The Olympic flame is a symbol of the Olympic Games. Commemorating the theft of fire from the Greek god Zeus by Prometheus, its origins lie in ancient Greece, where a fire was kept burning throughout the celebration of the ancient Olympics. The fire was introduced at the 1928 Summer Olympics in Amsterdam, and it has been part of the modern Olympic Games ever since. In contrast to the Olympic flame proper, the torch relay of modern times, which transports the flame from Greece to the various designated sites of the games, had no ancient precedent and was introduced by Carl Diem at the 1936 Summer Olympics in Berlin.
In the time of the original games within the boundaries of Olympia, the altar of the sanctuary dedicated to the goddess Hestia maintained a continuous flame. For the ancient Greeks, fire had divine connotations—it was thought to have been stolen from the gods by Prometheus. Therefore, fire was also present at many of the sanctuaries in Olympia, Greece. During the Olympic Games, which honoured Zeus, additional fires were lit at his temple and that of his wife, Hera. The modern Olympic flame is ignited at the site where the temple of Hestia used to stand.
The tradition was reintroduced during the 1928 Games. An employee of the Electric Utility of Amsterdam lit the first Olympic flame in the Marathon Tower of the Olympic Stadium in Amsterdam. The modern convention of moving the Olympic flame via a relay system from Greece to the Olympic venue began in 1936 in Germany. Carl Diem devised the idea of the torch relay for the 1936 Summer Olympics in Berlin that was organized by the Nazis under the guidance of Joseph Goebbels. The Krupp armaments company produced the torches in wood and metal, inspired by an olive leaf. The Olympic flame was lit by a concave mirror in Olympia, Greece and transported over 3,187 kilometres by 3,331 runners in twelve days and eleven nights from Greece to Berlin. Leni Riefenstahl later staged the torch relay for the 1938 film Olympia. Contingent on the audience, some may have comprehended the film as part of the Nazi propaganda machine's attempt to add myth and mystique to Adolf Hitler's regime. Hitler saw the link with the ancient Games as the perfect way to illustrate his belief that classical Greece was an Aryan forerunner of the modern German Reich. There were minor protests in Yugoslavia and Czechoslovakia on the way, which were suppressed by the local security forces.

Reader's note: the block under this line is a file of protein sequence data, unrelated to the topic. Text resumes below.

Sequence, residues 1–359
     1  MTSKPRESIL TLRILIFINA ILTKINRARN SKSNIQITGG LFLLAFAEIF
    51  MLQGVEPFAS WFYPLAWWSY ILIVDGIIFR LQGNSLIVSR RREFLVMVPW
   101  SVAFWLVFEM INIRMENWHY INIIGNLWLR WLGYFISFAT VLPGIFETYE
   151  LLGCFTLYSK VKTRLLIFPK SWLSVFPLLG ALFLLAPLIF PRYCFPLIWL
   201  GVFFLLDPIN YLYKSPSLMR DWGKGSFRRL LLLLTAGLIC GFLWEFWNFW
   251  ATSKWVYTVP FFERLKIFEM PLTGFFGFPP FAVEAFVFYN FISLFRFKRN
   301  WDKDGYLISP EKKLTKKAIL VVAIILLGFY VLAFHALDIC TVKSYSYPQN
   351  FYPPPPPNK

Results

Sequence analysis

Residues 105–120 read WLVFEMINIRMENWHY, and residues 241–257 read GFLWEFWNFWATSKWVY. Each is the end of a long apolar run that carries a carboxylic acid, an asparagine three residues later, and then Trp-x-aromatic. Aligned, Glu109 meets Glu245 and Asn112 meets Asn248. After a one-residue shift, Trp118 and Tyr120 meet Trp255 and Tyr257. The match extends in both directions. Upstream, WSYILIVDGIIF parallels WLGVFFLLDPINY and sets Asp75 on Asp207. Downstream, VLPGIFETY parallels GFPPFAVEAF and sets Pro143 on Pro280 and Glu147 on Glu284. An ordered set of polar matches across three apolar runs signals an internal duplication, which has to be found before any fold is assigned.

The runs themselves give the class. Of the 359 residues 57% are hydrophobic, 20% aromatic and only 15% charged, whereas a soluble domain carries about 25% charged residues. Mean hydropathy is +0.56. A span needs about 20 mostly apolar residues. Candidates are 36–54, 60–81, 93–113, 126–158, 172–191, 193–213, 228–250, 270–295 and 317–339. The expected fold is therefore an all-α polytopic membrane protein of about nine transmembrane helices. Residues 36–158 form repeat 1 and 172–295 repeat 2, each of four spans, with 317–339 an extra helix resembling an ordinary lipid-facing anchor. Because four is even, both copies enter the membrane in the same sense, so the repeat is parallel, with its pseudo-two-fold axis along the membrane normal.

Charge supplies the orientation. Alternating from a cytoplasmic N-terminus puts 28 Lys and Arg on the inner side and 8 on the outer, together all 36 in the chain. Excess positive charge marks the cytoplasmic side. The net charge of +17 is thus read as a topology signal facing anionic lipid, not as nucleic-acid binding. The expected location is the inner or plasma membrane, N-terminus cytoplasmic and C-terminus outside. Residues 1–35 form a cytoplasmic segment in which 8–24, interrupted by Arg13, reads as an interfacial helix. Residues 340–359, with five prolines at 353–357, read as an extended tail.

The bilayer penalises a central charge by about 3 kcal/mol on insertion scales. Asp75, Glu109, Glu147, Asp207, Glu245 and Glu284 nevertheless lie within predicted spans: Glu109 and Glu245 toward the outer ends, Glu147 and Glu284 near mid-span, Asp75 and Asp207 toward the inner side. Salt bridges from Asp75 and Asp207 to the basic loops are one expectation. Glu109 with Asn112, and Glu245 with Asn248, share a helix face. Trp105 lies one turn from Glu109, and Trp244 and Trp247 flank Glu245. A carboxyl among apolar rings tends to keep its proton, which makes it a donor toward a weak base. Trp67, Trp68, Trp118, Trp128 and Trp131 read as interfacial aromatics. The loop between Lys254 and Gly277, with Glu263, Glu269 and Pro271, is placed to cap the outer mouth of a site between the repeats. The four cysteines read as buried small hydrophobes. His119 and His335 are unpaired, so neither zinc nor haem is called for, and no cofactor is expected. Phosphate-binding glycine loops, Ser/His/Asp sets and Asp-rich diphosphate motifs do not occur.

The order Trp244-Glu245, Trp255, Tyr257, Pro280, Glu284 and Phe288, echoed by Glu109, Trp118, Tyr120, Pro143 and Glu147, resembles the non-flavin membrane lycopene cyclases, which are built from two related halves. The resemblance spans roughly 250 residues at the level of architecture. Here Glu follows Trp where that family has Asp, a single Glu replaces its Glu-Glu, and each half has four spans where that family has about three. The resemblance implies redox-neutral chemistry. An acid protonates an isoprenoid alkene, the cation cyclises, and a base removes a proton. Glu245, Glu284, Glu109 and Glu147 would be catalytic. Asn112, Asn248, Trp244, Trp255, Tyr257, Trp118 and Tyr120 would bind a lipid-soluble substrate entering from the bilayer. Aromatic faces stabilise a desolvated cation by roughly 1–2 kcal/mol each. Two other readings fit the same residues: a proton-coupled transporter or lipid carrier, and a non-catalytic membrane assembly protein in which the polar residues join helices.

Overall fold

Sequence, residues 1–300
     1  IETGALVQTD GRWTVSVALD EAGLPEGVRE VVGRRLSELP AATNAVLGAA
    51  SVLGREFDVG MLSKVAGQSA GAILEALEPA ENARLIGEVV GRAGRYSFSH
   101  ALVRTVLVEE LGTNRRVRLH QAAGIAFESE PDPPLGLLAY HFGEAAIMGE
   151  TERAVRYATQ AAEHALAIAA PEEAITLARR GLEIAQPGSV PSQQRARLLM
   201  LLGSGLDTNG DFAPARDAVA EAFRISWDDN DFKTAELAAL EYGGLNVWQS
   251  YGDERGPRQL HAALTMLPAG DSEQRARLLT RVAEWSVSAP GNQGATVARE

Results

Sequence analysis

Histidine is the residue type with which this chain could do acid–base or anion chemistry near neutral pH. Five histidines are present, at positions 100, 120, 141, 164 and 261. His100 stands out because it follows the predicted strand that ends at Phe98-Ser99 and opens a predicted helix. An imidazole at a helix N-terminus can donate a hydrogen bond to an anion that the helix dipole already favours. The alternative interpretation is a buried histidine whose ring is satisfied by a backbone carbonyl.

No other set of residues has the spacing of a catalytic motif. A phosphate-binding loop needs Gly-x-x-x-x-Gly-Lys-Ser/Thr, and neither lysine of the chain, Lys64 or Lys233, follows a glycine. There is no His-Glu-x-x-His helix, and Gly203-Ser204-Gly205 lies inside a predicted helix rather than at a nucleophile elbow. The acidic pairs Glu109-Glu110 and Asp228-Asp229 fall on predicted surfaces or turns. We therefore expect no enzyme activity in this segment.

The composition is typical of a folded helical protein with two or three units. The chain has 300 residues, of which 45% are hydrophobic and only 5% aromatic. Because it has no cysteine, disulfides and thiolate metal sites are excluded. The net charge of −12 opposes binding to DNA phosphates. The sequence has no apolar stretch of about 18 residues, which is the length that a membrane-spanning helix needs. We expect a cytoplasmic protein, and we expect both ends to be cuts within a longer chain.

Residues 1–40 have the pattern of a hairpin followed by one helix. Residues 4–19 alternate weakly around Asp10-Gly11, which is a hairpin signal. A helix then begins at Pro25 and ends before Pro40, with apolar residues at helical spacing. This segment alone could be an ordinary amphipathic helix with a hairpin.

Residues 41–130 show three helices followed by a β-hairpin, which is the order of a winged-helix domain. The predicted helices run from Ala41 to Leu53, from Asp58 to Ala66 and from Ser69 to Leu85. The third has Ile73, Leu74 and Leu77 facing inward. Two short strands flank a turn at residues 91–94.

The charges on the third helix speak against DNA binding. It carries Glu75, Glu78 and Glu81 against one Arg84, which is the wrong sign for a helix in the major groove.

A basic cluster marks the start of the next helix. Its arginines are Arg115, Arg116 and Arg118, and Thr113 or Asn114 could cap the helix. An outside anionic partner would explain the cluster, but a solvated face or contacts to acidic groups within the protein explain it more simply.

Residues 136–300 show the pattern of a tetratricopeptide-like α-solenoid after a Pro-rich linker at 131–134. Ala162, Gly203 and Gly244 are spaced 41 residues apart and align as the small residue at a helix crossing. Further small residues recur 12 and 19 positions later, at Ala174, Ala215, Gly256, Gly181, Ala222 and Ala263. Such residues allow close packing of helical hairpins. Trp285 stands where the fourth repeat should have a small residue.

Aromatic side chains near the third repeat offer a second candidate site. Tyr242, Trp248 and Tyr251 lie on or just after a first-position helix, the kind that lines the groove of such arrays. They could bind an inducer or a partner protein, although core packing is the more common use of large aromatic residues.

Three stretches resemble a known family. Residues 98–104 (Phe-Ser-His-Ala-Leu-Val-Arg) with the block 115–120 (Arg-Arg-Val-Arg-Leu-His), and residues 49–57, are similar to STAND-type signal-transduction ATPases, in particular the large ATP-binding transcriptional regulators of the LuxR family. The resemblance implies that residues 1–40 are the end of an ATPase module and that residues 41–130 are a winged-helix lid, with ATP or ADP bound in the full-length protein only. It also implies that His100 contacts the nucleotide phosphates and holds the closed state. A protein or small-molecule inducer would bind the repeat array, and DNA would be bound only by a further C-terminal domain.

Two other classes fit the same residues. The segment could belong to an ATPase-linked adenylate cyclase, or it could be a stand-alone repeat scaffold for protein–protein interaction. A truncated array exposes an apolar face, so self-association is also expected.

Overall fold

Although most of the time the torch with the Olympic flame is still carried by runners, it has been transported in many different ways. The fire travelled by boat in 1948 and 2012 to cross the English Channel and was carried by rowers in Canberra as well as by dragon boat in Hong Kong in 2008, and it was first transported by airplane in 1952, when the fire travelled to Helsinki. In 1956, all carriers in the torch relay to Stockholm, where the equestrian events were held instead of in Melbourne, travelled on horseback. Remarkable means of transportation were used in 1976, when the flame was transformed to a radio signal. From Athens, this signal was transmitted by satellite to Canada, where it was received and used to trigger a laser beam to re-light the flame. This distinctive 1976 torch was manufactured by John L. Saksun's The Queensway Machine Products Ltd. In 2000, the torch was carried under the water by divers near the Great Barrier Reef. Other unique means of transportation include a Native American canoe, a camel, and Concorde. In 2004, the first global torch relay was undertaken, a journey that lasted 78 days. The Olympic flame covered a distance of more than 78,000 km in the hands of some 11,300 torchbearers, travelling to Africa and South America for the first time, visiting all previous Olympic cities and finally returning to Athens for the 2004 Summer Olympics.
The climactic transfer of the flame from the torches to the cauldron at the host stadium concludes the relay and marks the symbolic commencement of the Games. Perhaps one of the most spectacular of these ceremonies took place at the 1992 Barcelona Games, when Paralympic archer Antonio Rebollo ignited the cauldron by shooting a burning arrow over it, which ignited gas rising from the cauldron. Two years later, the Olympic fire was brought into the stadium of Lillehammer by a ski jumper. In Beijing 2008, Li Ning "ran" on air around the Bird's Nest and lit the flame. In Vancouver 2010, four athletes—Catriona Le May Doan, Wayne Gretzky, Steve Nash and Nancy Greene—were given the honour of lighting the flame simultaneously (indoors) before Wayne Gretzky transferred the flame to an outdoor cauldron at Vancouver's waterfront. Two years later, at the 2012 Summer Olympics in London, seven young athletes-Callum Airlie, Jordan Duckitt, Desiree Henry, Katie Kirk, Cameron MacRitchie, Aidan Reynolds and Adelle Tracey-were given the honour of lighting the flame on one of the 204 copper petals before they converged to form the cauldron for the Games.